United States vs Colombia
Played in Tampa, Florida
The USMNT played Colombia, a third-rate South American “powerhouse” that has never won the World Cup. Technically it's a second-rate team. But, realistically it's a third-rate team, with a few salient stars that push the argument toward a second-rate or even first-rate team. But it's a third-rate team, make no mistake. It's not winning the World Cup anytime soon, even with its stars.
The US on the other hand, oiy, where do we start? Try page one: Why American Soccer Isn't There Yet. I'm too tired right now to reiterate the whole thing in one paragraph. The USMNT is searching for new players (kind of), a new coach (kind of), a new approach...which is good. It has a chance to completely start over. And start over it will. And there’s so much potential ahead. And we – the collective American landscape of soccer fans – were essentially saying the same thing in 1998, after a failed launch at the French-hosted World Cup. Here's to another 20 years!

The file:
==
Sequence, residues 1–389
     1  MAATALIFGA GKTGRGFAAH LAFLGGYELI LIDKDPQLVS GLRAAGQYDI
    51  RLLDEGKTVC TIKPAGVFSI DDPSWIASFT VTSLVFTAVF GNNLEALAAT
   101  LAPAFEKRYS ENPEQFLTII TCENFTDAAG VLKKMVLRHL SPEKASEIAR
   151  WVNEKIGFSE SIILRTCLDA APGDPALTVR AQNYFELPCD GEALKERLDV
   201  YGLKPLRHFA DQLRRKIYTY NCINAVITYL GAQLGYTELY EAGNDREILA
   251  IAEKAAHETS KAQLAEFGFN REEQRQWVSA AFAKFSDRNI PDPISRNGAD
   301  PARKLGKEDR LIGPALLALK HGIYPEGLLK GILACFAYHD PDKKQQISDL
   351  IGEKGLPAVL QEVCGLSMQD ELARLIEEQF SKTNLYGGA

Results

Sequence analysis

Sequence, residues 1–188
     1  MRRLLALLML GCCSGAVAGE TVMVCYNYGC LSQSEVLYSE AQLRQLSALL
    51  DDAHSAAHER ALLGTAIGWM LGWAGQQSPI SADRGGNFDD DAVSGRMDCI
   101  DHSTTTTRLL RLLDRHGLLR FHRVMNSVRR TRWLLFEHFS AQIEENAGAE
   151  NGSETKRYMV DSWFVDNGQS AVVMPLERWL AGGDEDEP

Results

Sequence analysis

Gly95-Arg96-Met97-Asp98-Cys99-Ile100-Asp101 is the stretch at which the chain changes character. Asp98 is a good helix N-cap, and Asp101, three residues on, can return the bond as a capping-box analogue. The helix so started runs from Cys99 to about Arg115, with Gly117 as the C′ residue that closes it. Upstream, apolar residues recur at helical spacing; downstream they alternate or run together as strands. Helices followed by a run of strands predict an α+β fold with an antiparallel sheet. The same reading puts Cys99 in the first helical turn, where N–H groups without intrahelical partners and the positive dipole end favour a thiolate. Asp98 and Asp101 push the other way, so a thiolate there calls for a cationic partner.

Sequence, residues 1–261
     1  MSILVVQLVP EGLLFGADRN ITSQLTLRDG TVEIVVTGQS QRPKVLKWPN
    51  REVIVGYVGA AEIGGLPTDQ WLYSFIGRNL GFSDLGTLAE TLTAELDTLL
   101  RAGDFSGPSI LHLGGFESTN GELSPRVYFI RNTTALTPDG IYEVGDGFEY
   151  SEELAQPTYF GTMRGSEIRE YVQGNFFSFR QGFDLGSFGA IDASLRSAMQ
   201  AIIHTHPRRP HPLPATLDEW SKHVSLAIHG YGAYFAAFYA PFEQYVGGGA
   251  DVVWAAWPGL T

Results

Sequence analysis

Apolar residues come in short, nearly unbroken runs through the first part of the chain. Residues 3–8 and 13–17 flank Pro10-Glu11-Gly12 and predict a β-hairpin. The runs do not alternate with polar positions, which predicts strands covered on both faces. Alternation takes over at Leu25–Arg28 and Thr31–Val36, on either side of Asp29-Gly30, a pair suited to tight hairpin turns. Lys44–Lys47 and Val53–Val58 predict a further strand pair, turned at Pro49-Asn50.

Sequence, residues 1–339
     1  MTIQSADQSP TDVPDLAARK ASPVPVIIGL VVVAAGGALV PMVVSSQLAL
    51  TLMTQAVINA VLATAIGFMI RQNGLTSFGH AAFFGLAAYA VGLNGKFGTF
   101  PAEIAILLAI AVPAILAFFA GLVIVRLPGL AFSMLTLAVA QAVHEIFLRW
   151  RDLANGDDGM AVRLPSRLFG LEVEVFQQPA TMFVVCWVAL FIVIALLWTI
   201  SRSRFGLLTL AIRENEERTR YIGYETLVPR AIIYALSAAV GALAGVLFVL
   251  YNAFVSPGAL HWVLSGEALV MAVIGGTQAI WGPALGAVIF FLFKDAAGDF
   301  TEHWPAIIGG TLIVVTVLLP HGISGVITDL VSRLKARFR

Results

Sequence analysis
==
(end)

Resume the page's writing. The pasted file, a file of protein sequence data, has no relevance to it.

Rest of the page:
A problem with the USMNT is simple as usual. We train our players to be 'creatively timid.' This is the case from the youth levels all the way up. It starts with the back four, who shouldn't, at times, look like frantic animals trying to avoid a car or something higher up on the food chain.
There's hope. That's for sure. A lot of the new offensive players, or somewhat new, include Green, Wood, Weah, and Acosta, to name a few. A balance needs to be struck between the back four and the new emerging talent; a balance that includes offensive contributions from the back four like never before. As I've said for a long time, the placement of a player like Bradley into center defense is exactly what the USMNT needs.
In the near future the US plays friendlies with Peru, England and Italy. I predict nothing will change in regard to the back four, and a possible emergence of Bradley back there. In regard to style, keep an eye on such transitions as 2019 moves along.